During the afternoon, The Sir and his uncle puzzled together how to get our dinghy's sailing rig up and running while I worked below decks and answered occasional inquiries. They did get it up and going and puttered around under the light winds that were blowing that afternoon. I made some variety of lentils with squash that evening, if I recall correctly, and we hoisted our dinghy, May, back on deck so that we would be ready to depart the next day. 

Gig Harbor-Bound (Or, what's that beeping sound?)

Our next destination was Gig Harbor. We'd never visited the small town in south Puget Sound by land or sea, and weren't entirely sure what to expect, but we'd heard it was quite the boating destination. There are two routes to Gig Harbor - south down Colvos Passage, where the current always runs north in varying strengths, and the longer route off to the east. With the wind dead and motoring inevitable, we opted for timing our journey so that we could take advantage of when the Colvos current would be at its weakest.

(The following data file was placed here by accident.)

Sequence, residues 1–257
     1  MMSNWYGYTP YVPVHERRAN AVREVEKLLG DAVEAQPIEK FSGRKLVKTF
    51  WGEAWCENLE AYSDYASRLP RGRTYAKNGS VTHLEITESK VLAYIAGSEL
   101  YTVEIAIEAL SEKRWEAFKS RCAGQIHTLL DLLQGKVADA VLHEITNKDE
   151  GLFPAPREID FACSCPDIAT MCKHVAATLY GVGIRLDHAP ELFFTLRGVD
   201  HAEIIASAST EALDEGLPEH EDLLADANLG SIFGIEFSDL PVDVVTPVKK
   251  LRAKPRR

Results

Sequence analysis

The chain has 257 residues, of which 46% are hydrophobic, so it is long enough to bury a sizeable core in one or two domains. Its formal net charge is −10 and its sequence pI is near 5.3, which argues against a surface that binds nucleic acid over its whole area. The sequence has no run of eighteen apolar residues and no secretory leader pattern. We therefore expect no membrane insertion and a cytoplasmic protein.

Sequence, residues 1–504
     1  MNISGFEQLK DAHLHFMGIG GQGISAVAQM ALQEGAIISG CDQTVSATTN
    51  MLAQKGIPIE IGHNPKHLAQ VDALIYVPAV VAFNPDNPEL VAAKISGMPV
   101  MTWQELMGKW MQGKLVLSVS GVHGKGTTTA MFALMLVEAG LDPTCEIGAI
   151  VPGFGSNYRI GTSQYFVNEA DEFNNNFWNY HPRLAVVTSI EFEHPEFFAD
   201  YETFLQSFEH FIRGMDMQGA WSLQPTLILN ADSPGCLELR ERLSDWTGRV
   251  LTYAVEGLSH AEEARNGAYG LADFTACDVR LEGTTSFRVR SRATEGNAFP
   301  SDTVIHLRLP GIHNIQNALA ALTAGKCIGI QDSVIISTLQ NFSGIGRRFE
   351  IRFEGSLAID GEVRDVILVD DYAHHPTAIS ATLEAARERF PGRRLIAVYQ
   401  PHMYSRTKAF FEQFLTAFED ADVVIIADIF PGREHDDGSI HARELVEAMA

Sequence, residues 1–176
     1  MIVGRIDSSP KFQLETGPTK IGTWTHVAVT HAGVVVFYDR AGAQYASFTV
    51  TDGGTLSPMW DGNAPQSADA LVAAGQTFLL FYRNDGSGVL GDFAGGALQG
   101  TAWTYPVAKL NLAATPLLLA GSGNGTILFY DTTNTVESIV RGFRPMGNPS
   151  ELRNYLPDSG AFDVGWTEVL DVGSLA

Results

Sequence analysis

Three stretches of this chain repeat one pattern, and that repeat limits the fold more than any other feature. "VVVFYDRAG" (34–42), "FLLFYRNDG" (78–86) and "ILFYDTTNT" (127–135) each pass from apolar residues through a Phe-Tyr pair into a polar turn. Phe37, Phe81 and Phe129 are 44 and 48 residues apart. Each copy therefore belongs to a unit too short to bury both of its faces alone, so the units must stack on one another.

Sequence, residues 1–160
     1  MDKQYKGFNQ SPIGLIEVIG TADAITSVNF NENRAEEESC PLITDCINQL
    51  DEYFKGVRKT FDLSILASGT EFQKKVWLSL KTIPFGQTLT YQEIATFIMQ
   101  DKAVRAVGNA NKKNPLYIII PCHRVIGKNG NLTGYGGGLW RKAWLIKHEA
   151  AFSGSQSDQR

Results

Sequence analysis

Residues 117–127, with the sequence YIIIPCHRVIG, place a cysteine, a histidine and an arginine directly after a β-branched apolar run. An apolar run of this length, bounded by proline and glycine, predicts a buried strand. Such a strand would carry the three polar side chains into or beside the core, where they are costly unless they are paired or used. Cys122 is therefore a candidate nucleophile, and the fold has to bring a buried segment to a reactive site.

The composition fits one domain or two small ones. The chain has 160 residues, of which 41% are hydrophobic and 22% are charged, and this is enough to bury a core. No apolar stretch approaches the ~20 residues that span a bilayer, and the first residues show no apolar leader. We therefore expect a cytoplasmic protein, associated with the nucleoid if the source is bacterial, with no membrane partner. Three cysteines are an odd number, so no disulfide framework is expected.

We motored over near the mouth of the passage, The Sir at the helm, keeping our eyes out for the ferry that crosses the area. The water on the approach was choppy and the surface had patches of green growth that we did our best to avoid. We had the engine running around 15-hundred RPMs and then brought it up a bit higher, giving us around 4 knots of speed. It was shortly after that that the beeping began. I was further up on deck when it started. It wasn't a familiar sound to any of us, but as soon as I popped my head through the companionway, the source was obvious: our engine was overheating. We quickly stopped the engine. 

It's not a fun feeling to be on a sailboat on a wind-dead day with your only means of propulsion overheated in an area where there are strong currents and ferry traffic. Not a fun feeling at all. The Sir stayed topside while I had Zeke come down to help me figure out what was going on. Someone called our aunt and uncle to let them know we'd run into an issue and were trying to resolve it. Their boat idled a few hundred feet from us as we began our investigation.